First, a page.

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  • Jim Burr


By Jim Burr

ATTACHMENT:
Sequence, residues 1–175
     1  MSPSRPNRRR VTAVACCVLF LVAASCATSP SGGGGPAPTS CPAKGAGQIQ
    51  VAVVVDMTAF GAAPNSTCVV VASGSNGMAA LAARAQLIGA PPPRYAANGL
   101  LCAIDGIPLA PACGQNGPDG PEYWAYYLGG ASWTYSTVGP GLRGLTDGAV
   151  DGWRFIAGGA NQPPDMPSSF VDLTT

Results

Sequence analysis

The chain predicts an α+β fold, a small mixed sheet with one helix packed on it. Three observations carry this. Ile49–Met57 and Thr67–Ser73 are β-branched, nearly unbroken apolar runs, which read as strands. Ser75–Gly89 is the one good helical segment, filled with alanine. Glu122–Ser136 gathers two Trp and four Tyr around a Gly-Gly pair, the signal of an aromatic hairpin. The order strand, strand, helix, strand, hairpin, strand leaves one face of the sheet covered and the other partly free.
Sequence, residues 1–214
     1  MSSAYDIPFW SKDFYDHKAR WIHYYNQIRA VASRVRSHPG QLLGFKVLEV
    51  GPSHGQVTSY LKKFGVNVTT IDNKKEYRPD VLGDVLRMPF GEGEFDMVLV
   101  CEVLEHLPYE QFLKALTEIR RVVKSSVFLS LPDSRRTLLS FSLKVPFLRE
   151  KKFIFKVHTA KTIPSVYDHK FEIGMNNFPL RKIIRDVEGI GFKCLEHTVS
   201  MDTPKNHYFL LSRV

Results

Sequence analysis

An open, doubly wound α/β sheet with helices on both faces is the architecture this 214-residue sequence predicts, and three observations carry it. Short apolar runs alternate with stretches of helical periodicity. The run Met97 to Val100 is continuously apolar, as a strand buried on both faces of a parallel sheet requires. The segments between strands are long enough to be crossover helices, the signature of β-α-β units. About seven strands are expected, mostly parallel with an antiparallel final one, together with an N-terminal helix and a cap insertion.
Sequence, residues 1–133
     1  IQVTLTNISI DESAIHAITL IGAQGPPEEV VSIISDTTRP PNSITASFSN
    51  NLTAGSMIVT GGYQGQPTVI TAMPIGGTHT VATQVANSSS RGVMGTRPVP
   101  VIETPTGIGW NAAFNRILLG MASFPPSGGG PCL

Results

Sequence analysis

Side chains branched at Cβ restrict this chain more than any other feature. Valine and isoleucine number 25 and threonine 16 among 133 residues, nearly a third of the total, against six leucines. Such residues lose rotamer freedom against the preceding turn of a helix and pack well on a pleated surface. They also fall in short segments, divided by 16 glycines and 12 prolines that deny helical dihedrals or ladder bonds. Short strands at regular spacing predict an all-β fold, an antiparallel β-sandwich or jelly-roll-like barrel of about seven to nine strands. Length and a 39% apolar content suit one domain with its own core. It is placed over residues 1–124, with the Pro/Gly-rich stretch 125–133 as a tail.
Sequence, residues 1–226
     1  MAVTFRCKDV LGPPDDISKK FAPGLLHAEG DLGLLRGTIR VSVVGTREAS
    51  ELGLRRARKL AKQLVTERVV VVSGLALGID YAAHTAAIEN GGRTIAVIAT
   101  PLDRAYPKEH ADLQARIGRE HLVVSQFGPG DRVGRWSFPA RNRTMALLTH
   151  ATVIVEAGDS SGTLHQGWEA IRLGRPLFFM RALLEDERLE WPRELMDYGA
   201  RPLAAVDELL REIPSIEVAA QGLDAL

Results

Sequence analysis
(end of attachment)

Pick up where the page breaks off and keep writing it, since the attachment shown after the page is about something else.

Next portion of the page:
Why is there a rabbinic curse (Babylonian Talmud - Tractate Sanhedrin 97B - stating: “Blasted be the bones of those who calculate the end..." on anyone who attempts to understand the prophecy found in the book of Daniel, chapter 9, verses 24-26 of the Holy Scriptures (Tanakh)? The following is the full text from the Talmud for the tractate portion in question: "R. Samuel b. Nahmani said in the name of R. Jonathan: Blasted be [18] the bones of those who calculate the end. [19] For they would say, since the predetermined time has arrived, and yet he has not come, he will never come. But [even so], wait for him, as it is written, Though he tarry, wait for him. Should you say, We look forward [to his coming] but He does not: therefore Scripture saith, And therefore will the Lord wait, that he may be gracious unto you, and therefore will he be exalted, that he may have mercy upon you. [20] But since we look forward to it, and He does likewise, what delays [his coming]? — The Attribute of Justice delays it. [21] But since the Attribute of Justice delays it, why do we await it? — To be rewarded [for hoping], as it is written, blessed are all they that wait for him." [22] Footnote 19 for this passage explicitly states that the 'predetermined time' under discussion concerns the advent of the Messiah. The topic which prompted such a virulent outburst from Rabbi Nahmani is the question of: ‘Why hasn't the Messiah appeared since the prophesied time of his arrival had already occurred and he is nowhere to be seen?’ Interestingly, the only way the rabbis of that era could have known that the date for this predicted event had passed by unfulfilled would be by their own attempts to determine it and thereby would have invited upon themselves the consequences of the very curse they had invoked. Although not directly referenced by Talmud, the context of these verses mentioned from Daniel cited above must have been the scriptures they used to resolve the question of the 'predetermined time' of the Messiah's appearance. Why would they use these verses only, when the Holy Scriptures makes so many prophetic references to a coming Messiah? Because Daniel 9:24-26 is the only prophetic texts in the entire Tanakh which definitively address the exact time of Messiah’s coming! Daniel 9:24-26 from the JPS (Jewish Publication Society) Tanakh - copyright 1917: [24] “Seventy ‘sevens’ are decreed for your people and your holy city to finished transgression, to put an end to sin, to atone for wickedness, to bring in everlasting righteousness, to seal up vision and prophecy and to anoint the Most Holy Place. [25] “Know and understand this: From the time the word goes out to restore and rebuild Jerusalem until the Anointed One, the ruler, comes, there will be seven ‘sevens,’ and sixty-two ‘sevens.’ It will be rebuilt with streets and a trench, but in times of trouble. [26] After the sixty-two ‘sevens,’ the Anointed One will be put to death and will have nothing. The people of the ruler who will come will destroy the city and the sanctuary. The end will come like a flood: War will continue until the end, and desolations have been decreed.” One could faithfully attend every Shabbat service for their entire life and would never hear this verse, or any other verse from the Book of Daniel, since no Haftarah passages reference this book. Seventy highly esteemed rabbinic scholars who translated the Tanakh into the Greek Septuagint in 285 BCE placed Daniel among the Prophets (Navi’im); but 10th century CE editors of the Masoretic [1] Text moved Daniel to the Writings (Ketuvim), thus eliminating any part of the book as a candidate for a Haftarah reading. So what is this ‘mystery age’ when Messiah was to appear? It isn’t that hard to figure out, but it does take an awareness of how biblical numbers work and time was counted: When 'sevens' (Shabbats) are referenced in the context of time duration they normally take the form of either weeks of days (seven days) or weeks of years (seven years). Given the fact that the expiring 70 year judgment God decreed against Israel was due to their violation of the Sabbatical Law of resting the Land every 7th year (and had not) for the previous 490 years in the Land, it is contextually reasonable for the 'sevens' mentioned here (in Daniel 9) to also refer to 'sevens' of years. It also makes sense that God would decree the same amount of time Israel lived in contradiction to the Mosaic Law, as the waiting time designated for Israel ‘to rest and wait’ for their redemption (Messiah). Ironically, out of hundreds of prophesies, this is the only prophecy in all Tanakh prefaced with a ‘command’ that it should be both "known and understood.” There is a divine injunction here that is in direct contradiction to what the Talmud scholars teach concerning this revelation! With this intriguing thought in mind. why not consider the divine command, and review with me now the events predicted in this passage and what it reveals: “Seventy ‘sevens’” (490 years) have been determined by God for the full redemption of Israel. This time period is divided into three groupings by verse 25: “Seven ‘sevens’” (or 49 years) and a 2nd group of “Sixty-two ‘sevens’” (or 434 years), leaving ‘one seven’ (or a future 7 years) to make 70. A study of Genesis chapter 7's usage of day/month relationships indicates that Scripture marks a prophetic year as twelve months of thirty days each, or a 360 day year. There is no indicated gap between the phraseology of the first group (49 yrs) and second (434 yrs), indicating a chronological nature to this dating- and thus arguing for a time frame of 483 consecutive years, fulfilling 69 of the 70 shabbats years. The calculation would require multiplying 483 years of 360 days, totaling 173,880 days. At that time, Daniel predicted an “Anointed One” would come (Mashiach in Hebrew, Messiah in English). There is an undetermined time gap which follows these two clusters of ’seven years’ where much takes place before the divine prophesy of the ‘final week’ of 7 years occurs- to fulfill the full prophecy. Even more ironic and troubling is that during this gap of waiting for the “Anointed One” he (Messiah) would be executed and “have nothing”; obviously Not having established the Messianic Kingdom the Jewish people were anticipating. Does it seem strange that he was called the Messiah but there was no peace or rest that followed his appearance? Instead, Daniel predicts in verse 26, another ruler will come and destroy both the city of Jerusalem and the Temple! So what does this prophecy in Daniel tell us will trigger the ‘countdown’ for these events? Daniel 9:25 states there would be a proclamation issued allowing the exiled Jewish people to return to Jerusalem and rebuild their city! There is only one decree in all the Tanakh that addresses this subject. Nehemiah 2:1-8 from the JPS Tanakh, 1917: [1] “And it came to pass in the month Nisan, in the twentieth year of Artaxerxes the king, when wine was before him, that I took up the wine, and gave it unto the king. Now I had not been beforetime sad in his presence. [2] And the king said unto me: 'Why is thy countenance sad, seeing thou art not sick? this is nothing else but sorrow of heart.' Then I was very sore afraid. [3] And I said unto the king: 'Let the king live for ever: why should not my countenance be sad, when the city, the place of my fathers' sepulchres, lieth waste, and the gates thereof are consumed with fire?’ [4] Then the king said unto me: 'For what dost thou make request?' So I prayed to the G-d of heaven. [5] And I said unto the king: 'If it please the king and if thy servant have found favour in thy sight, that thou wouldest send me unto Judah, unto the city of my fathers' sepulchres, that I may build it.’ [6] And the king said unto me, the queen also sitting by him: 'For how long shall thy journey be? and when wilt thou return?' So it pleased the king to send me; and I set him a time. [7] Moreover I said unto the king: 'If it please the king, let letters be given me to the governors beyond the River, that they may let me pass through till I come unto Judah; [8] and a letter unto Asaph the keeper of the king's park, that he may give me timber to make beams for the gates of the castle which appertaineth to the house, and for the wall of the city, and for the house that I shall enter into.' And the king granted me, according to the good hand of my G-d upon me.” 7) The Encyclopedia Britannica affixes the date of Artaxerxes' rise to the throne in Persia as 465 BCE, so his 20th year would have been 445 BCE. Since there is no ordinal date provided to the referenced month of Nisan (Ne 2:1), Jewish custom would argue that the day must have been the first of the month. With some mathematical analysis one can compute the dating that Daniel prophesies Israel was to “know and understand” for the Messiah to be “put to death” in accordance with dating on the western solar calendar. 8) To compute the actual terminus date on which these 173,880 days culminate into a date on the solar (Gregorian) calendar used by our western world, would go as follows: a. Artaxerxes command on 1st of Nissan computed to the Gregorian calendar = March 14, 445 BCE b. 483 years of 360 days would = April 6, 32 C.E. on the Gregorian calendar! c. 445 BCE to 32 CE = 476 years total (1 BCE to 1 CE is 1 year) d. 476 multiplied by 365 days in the computing into the solar calendar = 173,740 days e. Adding for leap years in this time period is another 116 days = 173,856 days (3 less in 4 centuries)? f. March 14, 32 CE is short 24 days of the required 173,880 days mentioned in Daniel’s prophecy g. March 14th + 24 days = April 6, 32 C.E. 9) According to the prophecy given in Daniel 9 the Messiah was predicted to appear on April 6, 32 CE, the Very Day on which most scholars assert that Yeshua (Jesus) of Nazareth rode into Jerusalem on a donkey fulfilling another Messianic prophesy found in Zechariah 9:9. It was also on this day that Yeshua allowed Himself, for the first time, to be publicly proclaimed the Messiah of Israel! 11) While the exact dates cited above could be disputed by some, other facts in this prophesy are clearly indisputable: a. The Messiah would make an appearance among his people, only to be murdered. b. He would die “with nothing”, hence not establishing his Messianic kingdom at that time. c. A ruler of this same nation who puts Messiah to death will also destroy Jerusalem and the Temple. d. The Messiah had to be put to death before the destruction of Jerusalem and the 2nd Temple. e. For an unspecified number of years following these events there will be wars and desolations. f. At the culmination of this unspecified time period the final 7 years predicted will be fulfilled g. After the final 7 years: 1) all sin will be atoned for; 2) wickedness will no longer prevail; 3) Jerusalem will be “anointed “ as the Most Holy Place on Earth, and 4) there will be established a Kingdom of everlasting righteousness- the prophesied Messianic Kingdom! h. Since the word “anointed” is used to refer to this “Most Holy Place” as well as for the “Anointed One” who was put to death back in 32 C.E., it logically infers that the anointed kingdom would require the “Anointed One’s” return for this prophesy to be fulfilled. 12) There is only one Man claiming Messiah status who appeared and was executed in the era predicted by the Tanakh (with many more details given elsewhere in the Tanakh. i.e. Isaiah 53, Psalm 22); only one Man who was also accepted as the Messiah by many contemporary Jewish believers zealous enough to follow him into martyrdom; only one Man whom millions of citizens of all nations have accepted as their Messiah (as predicted in Isaiah 42:6); only one Man who came at the appointed time, predicted his own death, and promised to return again (in fulfillment of Daniel 9), and that was Jesus of Nazareth. As previously noted (and underlined), this is the only prophecy in the entire Tanakh prefaced with a command that it should be both "known and understood.” This divine injunction is in direct opposition to what the Talmud teaches (written between the 2nd & 5th centuries C.E.) i.e., that it must not be understood. What advice should we follow- that given in the Tanakh or man’s interpretation of it given in the Talmud? If the veracity of God’s written word was broken, then why in just these few verses has so much of human history been accurately predicted? If Tanakh is divinely inspired as believed by many rabbis, Christian ministers and people of every nation for thousands of years… whose “command” would you be wiser to follow, that of God or man? Who do you think might someday hold you accountable for that decision? There are only two options: to believe or not believe—what will you choose? ​Deuteronomy 30:19-20 from the JPS Tanakh, 1917: [19] “I call heaven and earth to witness against you this day, that I have set before thee life and death, the blessing and the curse; therefore choose life, that thou mayest live, thou and thy seed; [20] to love the LORD thy God, to hearken to His voice, and to cleave unto Him; for that is thy life, and the length of thy days; that thou mayest dwell in the land which the LORD swore unto thy fathers, to Abraham, to Isaac, and to Jacob, to give them.” For more information on this prophecy, and/or many others prophecies pointing to the identity of the Messiah, contact Jim Burr at